With all the focus on networking, LinkedIn, and other social media for job searching, you may wonder if you still need to have a resume. The answer? A 100% YES. A well-written, concise resume (one that's fitted in one of the best resume formats, which is dependent on a few things that we'll review below) plays a crucial role in any job search. How do you maximize the chances that your resume will grab the attention of a recruiter or hiring manager?
You need to ensure that your resume is brief, easy to read, and quickly conveys your key accomplishments. In theory, a resume, along with a cover letter, presents the required qualifications and related work experience in a way that will convince the employer to meet the candidate.
Research shows that the average time spent scanning a resume is fourteen seconds. Notice that I said "scanning" and not "reading," because when resumes are reviewed, they are given little more than a cursory glance to identify the criteria for which the recruiter or hiring manager is looking.
With such a tight window of time in which to make an impression, it is critical that your resume quickly answers the question, "How will this person help me to solve my current business problems?"
What are the most common resume formats?
The three most common resume formats are reverse chronological, hybrid, and digital. We'll examine all three so you can decide, "what is the format of a resume that's right for me?"
Which format do most employers prefer for resumes?
"Resume format" refers to how your resume is laid out. Each resume format has unique qualities. Which resume format is right for you, and which employers will prefer, will depend on several factors.
1. Reverse chronological resume
When it comes to best resume format, know that reverse chronological is always a solid bet, due to the fact that it's one of the most common and well-known resume formats.
This format presents your background in an easily digestible timeline format, and renders your work experience in such a way that it is easy to understand your career trajectory. You start with your current or most recent position, and work backward from there.
For those with extensive experience, it is not necessary to go back more than fifteen years—do know that if you go that far back, you should not try to cram those 15 years all into a single-page resume (translation: you'll need to extend to a second page).
2. Hybrid resume
The hybrid resume is the one that I use the most with my clients. The hybrid resume is the best resume format for those interested in transitioning to a new job or embarking on a career change, for it allows you to leverage all of your valuable work experience by highlighting key accomplishments from your entire career.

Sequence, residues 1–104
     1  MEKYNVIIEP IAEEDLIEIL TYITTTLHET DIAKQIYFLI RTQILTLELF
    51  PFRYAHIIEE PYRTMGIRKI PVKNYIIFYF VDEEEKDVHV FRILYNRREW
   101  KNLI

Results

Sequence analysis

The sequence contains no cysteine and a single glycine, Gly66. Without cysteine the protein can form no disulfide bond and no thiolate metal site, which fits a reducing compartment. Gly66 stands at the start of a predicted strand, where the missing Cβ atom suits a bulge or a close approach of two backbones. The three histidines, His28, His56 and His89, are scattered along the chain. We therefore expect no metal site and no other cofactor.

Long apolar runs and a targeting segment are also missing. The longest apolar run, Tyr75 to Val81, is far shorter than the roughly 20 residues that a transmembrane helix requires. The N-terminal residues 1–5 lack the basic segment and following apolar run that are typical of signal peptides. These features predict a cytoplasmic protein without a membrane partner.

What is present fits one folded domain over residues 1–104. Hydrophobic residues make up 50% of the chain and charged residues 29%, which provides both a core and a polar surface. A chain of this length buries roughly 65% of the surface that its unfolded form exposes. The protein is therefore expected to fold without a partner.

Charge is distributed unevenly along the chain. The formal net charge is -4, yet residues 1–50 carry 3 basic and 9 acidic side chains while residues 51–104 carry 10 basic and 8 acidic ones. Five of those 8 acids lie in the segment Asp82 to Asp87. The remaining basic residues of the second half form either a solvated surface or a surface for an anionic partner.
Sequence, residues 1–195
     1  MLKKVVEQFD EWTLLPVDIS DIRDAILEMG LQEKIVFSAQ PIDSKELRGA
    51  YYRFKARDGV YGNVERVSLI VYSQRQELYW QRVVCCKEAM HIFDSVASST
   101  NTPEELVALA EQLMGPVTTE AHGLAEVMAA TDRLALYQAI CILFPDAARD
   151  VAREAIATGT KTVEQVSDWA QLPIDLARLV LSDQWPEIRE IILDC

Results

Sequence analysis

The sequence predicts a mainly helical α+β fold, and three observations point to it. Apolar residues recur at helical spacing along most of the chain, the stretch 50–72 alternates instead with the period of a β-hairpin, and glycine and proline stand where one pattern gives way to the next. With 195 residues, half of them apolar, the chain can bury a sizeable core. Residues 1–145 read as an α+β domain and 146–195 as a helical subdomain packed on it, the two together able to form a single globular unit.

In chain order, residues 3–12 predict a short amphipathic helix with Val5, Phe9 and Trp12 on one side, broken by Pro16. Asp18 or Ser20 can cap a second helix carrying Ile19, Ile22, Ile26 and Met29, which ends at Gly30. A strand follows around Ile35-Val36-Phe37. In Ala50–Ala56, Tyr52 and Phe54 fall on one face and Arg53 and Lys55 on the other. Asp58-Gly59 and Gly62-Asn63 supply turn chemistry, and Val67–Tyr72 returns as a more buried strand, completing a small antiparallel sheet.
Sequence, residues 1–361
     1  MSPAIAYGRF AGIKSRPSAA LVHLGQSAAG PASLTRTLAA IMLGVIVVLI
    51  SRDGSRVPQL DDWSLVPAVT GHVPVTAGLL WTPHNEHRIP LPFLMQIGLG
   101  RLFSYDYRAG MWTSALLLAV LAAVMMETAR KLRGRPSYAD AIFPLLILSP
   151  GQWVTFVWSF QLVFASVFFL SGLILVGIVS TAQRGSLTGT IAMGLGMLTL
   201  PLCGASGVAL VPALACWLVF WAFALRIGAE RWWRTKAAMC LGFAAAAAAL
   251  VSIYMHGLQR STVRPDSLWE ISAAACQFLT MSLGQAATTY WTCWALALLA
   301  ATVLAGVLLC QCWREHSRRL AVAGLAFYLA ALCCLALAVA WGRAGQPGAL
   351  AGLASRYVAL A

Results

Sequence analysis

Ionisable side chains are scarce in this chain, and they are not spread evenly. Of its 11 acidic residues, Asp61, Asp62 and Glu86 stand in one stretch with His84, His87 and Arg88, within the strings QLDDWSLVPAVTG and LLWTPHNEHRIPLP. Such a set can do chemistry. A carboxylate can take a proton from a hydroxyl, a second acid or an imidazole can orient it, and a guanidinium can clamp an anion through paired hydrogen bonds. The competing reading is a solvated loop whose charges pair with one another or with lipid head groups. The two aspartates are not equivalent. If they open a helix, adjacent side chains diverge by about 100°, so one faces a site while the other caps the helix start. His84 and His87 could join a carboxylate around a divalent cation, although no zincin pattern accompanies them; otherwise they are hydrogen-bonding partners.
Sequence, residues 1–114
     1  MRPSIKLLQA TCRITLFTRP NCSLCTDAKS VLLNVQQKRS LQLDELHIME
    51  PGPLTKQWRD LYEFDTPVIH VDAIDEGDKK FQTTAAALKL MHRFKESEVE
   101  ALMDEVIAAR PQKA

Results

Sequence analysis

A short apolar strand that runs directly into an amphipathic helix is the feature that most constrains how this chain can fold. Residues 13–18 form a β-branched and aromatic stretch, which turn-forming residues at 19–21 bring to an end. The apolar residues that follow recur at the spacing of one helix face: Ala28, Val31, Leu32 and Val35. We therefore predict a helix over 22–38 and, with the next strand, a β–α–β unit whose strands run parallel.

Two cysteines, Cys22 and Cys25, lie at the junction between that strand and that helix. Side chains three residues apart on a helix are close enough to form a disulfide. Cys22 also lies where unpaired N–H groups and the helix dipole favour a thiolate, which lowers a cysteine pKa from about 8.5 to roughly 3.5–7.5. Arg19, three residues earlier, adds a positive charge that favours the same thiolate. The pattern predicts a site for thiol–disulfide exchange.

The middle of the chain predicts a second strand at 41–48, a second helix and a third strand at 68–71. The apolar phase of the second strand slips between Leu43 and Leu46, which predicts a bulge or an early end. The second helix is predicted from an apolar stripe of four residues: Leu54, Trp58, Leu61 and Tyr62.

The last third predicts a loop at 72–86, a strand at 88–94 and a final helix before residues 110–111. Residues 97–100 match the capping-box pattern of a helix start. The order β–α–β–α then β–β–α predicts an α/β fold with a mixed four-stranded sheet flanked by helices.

The hybrid resume includes a summary of competencies and accomplishments first, and then it moves on to include a chronological summary of your positions.
3. Digital resume
No, a digital resume is not one that resides online, nor is it your LinkedIn profile. Rather, a digital resume is on that is maximized to comply with online submissions and ATS (applicant tracking software) systems.
A digital resume is in a simple text format, with limited formatting. It doesn't use fancy fonts or graphics, and, most importantly, it's maximized with the right resume keywords.
A word about "functional" resumes
The so-called "functional" resume format is one that focuses on your skills and experience, rather than on your career history.
Because there is no timeline of your career path, the functional resume is often advised for those who are changing careers, or who have gaps in their employment history. This is bad advice, and if you hear it, you should ignore it.
Hiring managers universally hate functional resumes precisely because they look like the candidate has something to hide.
You really cannot hide your length of tenure, and no summary of your skills and competencies will make up for lack of experience.
Lastly, a functional resume will not mesh at all with an applicant tracking system. Stay away from functional resumes! This format is not the best resume format not by a long shot.
It's not about you
You may think that your resume is about you and your experience, but it really is not. Your resume is a tool that answers the question, "How can this person add value to my team?" in a very quick manner.
As is true in any written communication, you need to know your audience and speak to them. You also need to know what the best resume format is for you.
Hopefully, this article has provided the guidance you were seeking on resume formatting, and that you're now in the know on the best resume format for your particular needs.
LiveCareer offers an array of tools that can help you not only settle on the best resume format for your particular needs, but also build the resume from the ground up. Use our resume builder or resume templates, and find yourself on a path to creating a winning document in no time at all.